Double labeling of microtubules and actin filaments revealed that in prophase subsidiary mother cells of Zea mays a monopolar prophase microtubule "half-spindle" is formed, which lines the nuclear hemisphere distal to the inducing guard mother cell. The nuclear hemisphere proximal to the guard mother cell is lined by an F-actin cap, consisting of a cortical F-actin patch and actin filaments originating from it. The microtubules of the "half-spindle" decline from the nuclear surface and terminate to the preprophase microtubule band. After disintegration of the latter, a bipolar metaphase spindle is organized. The polar F-actin cap persists during mitosis and early cytokinesis, extending to the chromosomes and the subsidiary cell daughter nucleus. In oryzalin treated subsidiary mother cells the prophase nuclei move away from the polar site. Cytochalasin B and latrunculin-B block the polar migration of subsidiary mother cell nuclei, but do not affect those already settled to the polar position. The prophase nuclei of latrunculin-B treated subsidiary mother cells are globally surrounded by microtubules, while the division plane of latrunculin-B treated subsidiary mother cells is misaligned. The prophase nuclei of brick 1 mutant Zea mays subsidiary mother cells without F-actin patch are also globally surrounded by microtubules. The presented data show that the prophase microtubule "half-spindle"-preprophase band complex anchors the subsidiary mother cell nucleus to the polar cell site, while the polar F-actin cap stabilizes the one metaphase spindle pole proximal to the inducing guard mother cell.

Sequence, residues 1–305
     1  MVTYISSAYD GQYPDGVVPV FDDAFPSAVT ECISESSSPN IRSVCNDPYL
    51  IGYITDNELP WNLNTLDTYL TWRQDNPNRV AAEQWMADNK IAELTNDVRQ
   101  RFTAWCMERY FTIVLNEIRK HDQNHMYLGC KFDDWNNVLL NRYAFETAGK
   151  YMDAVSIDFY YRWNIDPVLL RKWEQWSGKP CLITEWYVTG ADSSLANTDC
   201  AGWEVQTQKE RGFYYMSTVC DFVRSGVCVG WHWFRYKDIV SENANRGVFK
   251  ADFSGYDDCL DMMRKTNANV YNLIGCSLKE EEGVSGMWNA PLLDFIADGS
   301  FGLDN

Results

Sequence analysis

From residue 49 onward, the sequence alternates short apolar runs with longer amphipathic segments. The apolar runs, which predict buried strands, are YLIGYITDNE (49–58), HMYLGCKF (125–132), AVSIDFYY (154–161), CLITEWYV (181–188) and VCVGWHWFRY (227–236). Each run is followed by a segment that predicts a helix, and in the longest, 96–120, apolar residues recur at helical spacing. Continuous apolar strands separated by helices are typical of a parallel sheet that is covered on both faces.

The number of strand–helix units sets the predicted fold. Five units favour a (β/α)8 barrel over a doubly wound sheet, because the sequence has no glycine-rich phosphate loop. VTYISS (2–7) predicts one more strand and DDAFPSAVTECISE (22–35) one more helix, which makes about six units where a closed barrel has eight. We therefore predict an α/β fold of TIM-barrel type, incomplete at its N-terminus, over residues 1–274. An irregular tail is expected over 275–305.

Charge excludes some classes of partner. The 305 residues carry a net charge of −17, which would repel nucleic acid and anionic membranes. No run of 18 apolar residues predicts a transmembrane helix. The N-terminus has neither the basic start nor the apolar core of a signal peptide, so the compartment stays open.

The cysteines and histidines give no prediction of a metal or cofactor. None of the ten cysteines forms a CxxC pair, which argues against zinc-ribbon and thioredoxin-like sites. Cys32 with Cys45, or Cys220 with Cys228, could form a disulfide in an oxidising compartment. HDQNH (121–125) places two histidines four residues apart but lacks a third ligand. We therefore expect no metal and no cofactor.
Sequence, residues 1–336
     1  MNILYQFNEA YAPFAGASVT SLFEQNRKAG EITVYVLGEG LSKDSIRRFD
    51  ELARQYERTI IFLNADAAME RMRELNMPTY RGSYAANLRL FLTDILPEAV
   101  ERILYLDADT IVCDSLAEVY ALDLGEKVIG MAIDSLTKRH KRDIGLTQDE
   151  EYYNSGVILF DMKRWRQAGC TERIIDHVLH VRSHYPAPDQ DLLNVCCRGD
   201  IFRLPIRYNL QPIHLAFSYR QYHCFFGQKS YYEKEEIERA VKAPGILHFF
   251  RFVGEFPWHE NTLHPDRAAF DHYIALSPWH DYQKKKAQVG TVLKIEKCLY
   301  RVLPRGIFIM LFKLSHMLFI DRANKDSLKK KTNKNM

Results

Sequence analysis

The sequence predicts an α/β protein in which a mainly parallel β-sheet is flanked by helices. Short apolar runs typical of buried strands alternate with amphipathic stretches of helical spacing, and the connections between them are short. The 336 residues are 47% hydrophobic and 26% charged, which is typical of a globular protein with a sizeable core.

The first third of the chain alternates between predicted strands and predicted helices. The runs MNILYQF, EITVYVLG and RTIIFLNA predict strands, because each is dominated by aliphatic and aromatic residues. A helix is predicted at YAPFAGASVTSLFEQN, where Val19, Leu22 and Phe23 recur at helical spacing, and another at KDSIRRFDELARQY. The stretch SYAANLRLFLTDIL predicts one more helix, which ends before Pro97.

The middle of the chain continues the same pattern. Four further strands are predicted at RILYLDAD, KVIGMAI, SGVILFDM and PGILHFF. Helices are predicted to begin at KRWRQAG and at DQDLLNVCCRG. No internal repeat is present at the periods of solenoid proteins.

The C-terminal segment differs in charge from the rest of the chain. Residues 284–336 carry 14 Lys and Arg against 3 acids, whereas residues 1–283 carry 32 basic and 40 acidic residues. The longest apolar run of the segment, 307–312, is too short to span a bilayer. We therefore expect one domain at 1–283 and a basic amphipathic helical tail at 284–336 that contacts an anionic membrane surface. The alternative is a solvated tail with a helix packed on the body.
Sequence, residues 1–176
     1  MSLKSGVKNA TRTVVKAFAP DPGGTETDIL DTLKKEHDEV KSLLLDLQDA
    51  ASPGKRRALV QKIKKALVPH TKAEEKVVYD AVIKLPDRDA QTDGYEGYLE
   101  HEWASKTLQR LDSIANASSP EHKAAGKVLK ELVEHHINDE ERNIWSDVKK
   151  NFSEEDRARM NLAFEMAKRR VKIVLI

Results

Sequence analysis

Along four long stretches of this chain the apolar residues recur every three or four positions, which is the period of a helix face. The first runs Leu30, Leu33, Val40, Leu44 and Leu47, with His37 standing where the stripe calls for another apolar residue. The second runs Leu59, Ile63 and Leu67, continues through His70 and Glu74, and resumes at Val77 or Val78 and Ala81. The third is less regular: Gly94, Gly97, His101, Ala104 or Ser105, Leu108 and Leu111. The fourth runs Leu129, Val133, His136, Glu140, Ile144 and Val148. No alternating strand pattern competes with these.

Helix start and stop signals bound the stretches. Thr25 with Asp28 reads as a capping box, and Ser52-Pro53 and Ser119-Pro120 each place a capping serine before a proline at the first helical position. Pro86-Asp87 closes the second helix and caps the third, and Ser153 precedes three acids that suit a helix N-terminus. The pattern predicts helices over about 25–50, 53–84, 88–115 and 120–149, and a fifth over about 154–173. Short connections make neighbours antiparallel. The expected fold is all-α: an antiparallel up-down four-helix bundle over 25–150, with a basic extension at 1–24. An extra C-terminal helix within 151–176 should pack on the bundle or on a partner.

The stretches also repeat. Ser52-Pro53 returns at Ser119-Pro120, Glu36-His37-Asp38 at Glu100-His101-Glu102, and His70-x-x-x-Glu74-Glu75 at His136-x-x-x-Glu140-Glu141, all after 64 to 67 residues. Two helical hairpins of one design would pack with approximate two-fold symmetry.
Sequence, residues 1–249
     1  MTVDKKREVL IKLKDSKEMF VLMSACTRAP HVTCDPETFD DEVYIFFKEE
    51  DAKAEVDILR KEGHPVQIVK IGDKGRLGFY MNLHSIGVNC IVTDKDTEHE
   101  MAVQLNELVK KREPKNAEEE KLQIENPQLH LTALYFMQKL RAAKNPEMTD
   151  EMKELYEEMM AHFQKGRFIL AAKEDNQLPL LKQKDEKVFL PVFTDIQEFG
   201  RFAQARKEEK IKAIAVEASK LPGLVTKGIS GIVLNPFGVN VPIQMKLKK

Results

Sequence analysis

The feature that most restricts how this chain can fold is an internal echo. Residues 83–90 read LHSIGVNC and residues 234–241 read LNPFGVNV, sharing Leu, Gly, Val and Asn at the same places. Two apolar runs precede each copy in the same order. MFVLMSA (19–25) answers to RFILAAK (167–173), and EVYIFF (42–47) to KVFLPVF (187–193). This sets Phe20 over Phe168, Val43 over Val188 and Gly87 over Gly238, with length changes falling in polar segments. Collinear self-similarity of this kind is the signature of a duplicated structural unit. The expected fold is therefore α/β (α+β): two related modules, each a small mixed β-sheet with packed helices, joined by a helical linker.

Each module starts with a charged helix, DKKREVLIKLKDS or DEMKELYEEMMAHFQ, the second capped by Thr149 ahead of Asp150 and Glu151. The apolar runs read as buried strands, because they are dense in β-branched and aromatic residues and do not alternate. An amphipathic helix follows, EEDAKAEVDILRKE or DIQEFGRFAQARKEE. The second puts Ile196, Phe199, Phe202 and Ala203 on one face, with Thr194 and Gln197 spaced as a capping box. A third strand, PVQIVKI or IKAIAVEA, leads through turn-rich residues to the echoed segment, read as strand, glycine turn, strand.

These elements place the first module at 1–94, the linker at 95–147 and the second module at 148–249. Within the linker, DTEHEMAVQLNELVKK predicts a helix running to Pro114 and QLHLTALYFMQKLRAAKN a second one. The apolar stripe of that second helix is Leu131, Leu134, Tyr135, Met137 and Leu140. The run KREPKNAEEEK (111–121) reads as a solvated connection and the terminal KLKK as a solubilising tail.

(c) 2006 Wiley-Liss, Inc.